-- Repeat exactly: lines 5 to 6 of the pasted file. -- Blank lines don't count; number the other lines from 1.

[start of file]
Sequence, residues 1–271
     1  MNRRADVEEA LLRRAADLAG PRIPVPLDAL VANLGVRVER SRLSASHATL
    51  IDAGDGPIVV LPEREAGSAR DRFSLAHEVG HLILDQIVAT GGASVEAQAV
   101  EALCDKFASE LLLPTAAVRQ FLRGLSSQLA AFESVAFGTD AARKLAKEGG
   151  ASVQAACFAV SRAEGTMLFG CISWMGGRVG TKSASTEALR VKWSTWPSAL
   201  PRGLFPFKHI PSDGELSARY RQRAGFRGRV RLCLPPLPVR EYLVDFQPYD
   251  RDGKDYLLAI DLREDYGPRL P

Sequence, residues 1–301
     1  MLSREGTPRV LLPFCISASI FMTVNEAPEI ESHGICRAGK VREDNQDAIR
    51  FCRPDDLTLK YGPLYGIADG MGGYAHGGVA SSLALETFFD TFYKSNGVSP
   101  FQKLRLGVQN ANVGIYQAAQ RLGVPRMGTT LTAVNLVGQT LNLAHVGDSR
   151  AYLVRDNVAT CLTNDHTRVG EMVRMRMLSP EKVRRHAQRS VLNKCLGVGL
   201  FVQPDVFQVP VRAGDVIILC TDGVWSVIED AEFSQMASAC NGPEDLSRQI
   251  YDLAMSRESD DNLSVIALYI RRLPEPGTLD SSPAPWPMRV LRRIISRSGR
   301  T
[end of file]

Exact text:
   151  ASVQAACFAV SRAEGTMLFG CISWMGGRVG TKSASTEALR VKWSTWPSAL
   201  PRGLFPFKHI PSDGELSARY RQRAGFRGRV RLCLPPLPVR EYLVDFQPYD